Doha intends to invest $45 billion in tourism after the World Cup and hopes to nearly double tourism’s GDP contribution over the next 16 years.
Qatar’s travel and tourist expenditure revenues totalled $16.5 billion in 2021, a new report by Alpen Capital found.
The quantity of hotel rooms in Qatar has increased at the fastest rate among the Gulf Cooperation Council (GCC) countries, growing at a Compounded Annual Growth Rate (CAGR) of 10.1% between 2016 and 2021, according to Alpen Capital’s “GCC Hospitality Industry” report.
According to estimates, the Gulf country’s overall room count increased by 11,918 rooms since 2016 to stand at 37,085 last year.
Despite the difficult economic circumstances, Doha “demonstrated resilience” and added over 10,243 hotel rooms in just 2020 and 2021.
The nation is reported to have occupied 4.5% of all hotel rooms in the GCC region as of last year.
FIFA 2022 preparations
With Qatar preparing to host the 2022 FIFA World Cup, a number of huge projects are now in the works.
The predicted number of hotel rooms in Qatar for 2022 is 13,300, with 80% of that supply expected to fall within the four- or five-star hotel category.
After the major sporting event concludes in December, the sharp increase in supply is predicted to put downward pressure on occupancy rates. However, the elevated profile provided by hosting the event, development of significant tourism infrastructure, lifting of the blockade and global travel recovery are all expected to support the growth prospects of the tourism sector in Qatar.
As it seeks to promote itself as a commercial hub in the GCC, Doha looks to mount on top of its accomplishment of the World Cup 22 by hosting a number of business forums and conferences.
According to estimates by Alpen Capital, the Gulf country is expected to have the highest occupancy rates among the GCC countries in 2021, reaching 71%.
Despite falling to $53.3 million in 2020 due to the pandemic, Qatar is the only GCC nation to have reported an increase in revenue per available room (RevPAR) from $67.8 million in 2019 to $78.4 million in 2021.
Separately, Qatar’s hospitality industry is expected to increase by 59.8% year-on-a year (y-o-y) basis to reach $1.6 billion in 2022, according to a forecast from Alpen Capital.
This can be partially attributed to an expected 325.5% year-over-year surge in tourist arrivals as the FIFA World Cup host nation is expecting to open its doors to an estimated 1.4 million visitors. This will likely further expand revenues in the hospitality sector.
By adding 105 new hotels to its portfolio of properties as well as several creative temporary lodgings (fan villages and camping by the desert), including 16 floating hotels with a capacity of nearly 1,600 rooms, Qatar has been rapidly expanding the hotel industry to accommodate the surge in visitors.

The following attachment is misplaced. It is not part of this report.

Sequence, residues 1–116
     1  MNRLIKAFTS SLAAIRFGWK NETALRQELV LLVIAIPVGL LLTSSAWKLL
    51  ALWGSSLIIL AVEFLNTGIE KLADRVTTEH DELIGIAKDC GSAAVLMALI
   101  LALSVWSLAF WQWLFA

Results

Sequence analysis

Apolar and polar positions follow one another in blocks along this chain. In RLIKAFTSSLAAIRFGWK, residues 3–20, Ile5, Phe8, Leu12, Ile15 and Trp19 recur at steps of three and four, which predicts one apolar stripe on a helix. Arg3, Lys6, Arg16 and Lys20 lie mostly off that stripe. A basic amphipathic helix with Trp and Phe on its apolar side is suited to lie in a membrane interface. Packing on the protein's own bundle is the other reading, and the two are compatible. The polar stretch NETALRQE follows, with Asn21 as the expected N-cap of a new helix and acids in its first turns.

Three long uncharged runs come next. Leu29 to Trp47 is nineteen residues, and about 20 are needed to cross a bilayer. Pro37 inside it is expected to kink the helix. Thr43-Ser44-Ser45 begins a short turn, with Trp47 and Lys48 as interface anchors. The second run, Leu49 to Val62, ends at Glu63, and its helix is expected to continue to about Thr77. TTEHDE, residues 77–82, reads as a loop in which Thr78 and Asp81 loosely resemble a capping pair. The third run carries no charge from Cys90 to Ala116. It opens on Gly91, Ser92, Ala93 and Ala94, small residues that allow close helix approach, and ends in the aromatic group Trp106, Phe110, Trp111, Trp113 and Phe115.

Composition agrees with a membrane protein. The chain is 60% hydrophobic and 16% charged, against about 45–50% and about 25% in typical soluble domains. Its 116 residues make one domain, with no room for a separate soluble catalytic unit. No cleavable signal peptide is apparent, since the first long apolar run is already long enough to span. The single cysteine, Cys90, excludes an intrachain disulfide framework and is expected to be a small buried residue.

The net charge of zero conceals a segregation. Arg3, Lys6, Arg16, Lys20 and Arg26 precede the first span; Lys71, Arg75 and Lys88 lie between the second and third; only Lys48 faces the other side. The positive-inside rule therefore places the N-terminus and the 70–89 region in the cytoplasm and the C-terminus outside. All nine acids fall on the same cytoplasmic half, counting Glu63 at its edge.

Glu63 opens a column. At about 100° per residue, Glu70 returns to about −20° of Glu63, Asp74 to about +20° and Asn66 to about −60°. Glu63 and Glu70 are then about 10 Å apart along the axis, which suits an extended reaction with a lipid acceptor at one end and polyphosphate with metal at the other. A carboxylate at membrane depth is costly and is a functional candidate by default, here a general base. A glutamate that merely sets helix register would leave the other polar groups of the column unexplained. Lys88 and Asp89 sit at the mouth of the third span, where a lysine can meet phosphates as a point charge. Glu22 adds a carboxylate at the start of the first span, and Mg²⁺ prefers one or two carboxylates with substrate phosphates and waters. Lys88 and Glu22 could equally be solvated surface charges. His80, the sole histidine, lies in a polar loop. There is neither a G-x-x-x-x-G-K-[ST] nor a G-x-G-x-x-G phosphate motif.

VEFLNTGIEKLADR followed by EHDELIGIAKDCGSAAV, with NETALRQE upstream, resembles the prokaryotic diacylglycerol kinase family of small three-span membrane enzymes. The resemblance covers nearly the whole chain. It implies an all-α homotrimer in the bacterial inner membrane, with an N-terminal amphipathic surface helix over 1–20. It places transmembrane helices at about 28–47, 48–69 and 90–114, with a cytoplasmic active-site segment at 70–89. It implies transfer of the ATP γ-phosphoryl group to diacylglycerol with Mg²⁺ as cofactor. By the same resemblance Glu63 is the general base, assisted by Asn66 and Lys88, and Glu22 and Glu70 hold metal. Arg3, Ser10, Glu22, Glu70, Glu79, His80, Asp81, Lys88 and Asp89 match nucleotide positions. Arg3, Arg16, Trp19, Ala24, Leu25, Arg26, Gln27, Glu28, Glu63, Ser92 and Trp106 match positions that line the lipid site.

An additional 50 new hotels are also scheduled to open by the end of this year, the report stated.
$45 billion investment in tourism
Qatar is aiming to become a global sports centre. In a bid to increase tourism’s share in the country’s GDP to 10% by 2030 and draw six million visitors yearly, Doha has initiated a promotional campaign aimed at 17 visitor source markets.
Doha intends to invest $45 billion in tourism after the World Cup and hopes to nearly double tourism’s GDP contribution over the next 16 years with the help of investments from relevant entities and the government, Alpen Capital reported.
In an exclusive interview with Doha News, FIFA World Cup Qatar CEO Nasser Al Khater said that Qatar has long been a regional sports hub hosting major events even before winning the bid to host the tournament back in 2010.
“In 2006, we hosted our first major event, the ‘2006 Asian Games’. Since then we’ve hosted over 600 international and regional events, so if we look at sports I mean obviously the World Cup is the biggest but hosting the Handball World Championship, hosting the IWF Athletics World Championship, hosting Formula 1 now for the next 10 years,” Al Khater detailed.
“Qatar has been a regional powerhouse in sports and will continue to be so,” he told Doha News, suggesting that the Gulf state will continue to host sports events even after the 2022 FIFA World Cup.
While addressing the major football tournament in a panel discussion at the Qatar Economic Forum 2022, Al Khater pointed to increasing brand value for Qatar.
“In relation to the return of the World Cup there is no direct return, it’s an intangible return so the first and major one is brand, brand value and also an increase in tourism, and to help our friends in tourism to help them achieve their goals in terms of increasing tourism here in Qatar,” he said.
“Really it’s about increasing brand value for Qatar and making it a destination for tourism are the two major indicators of the success of the World Cup here in Qatar.”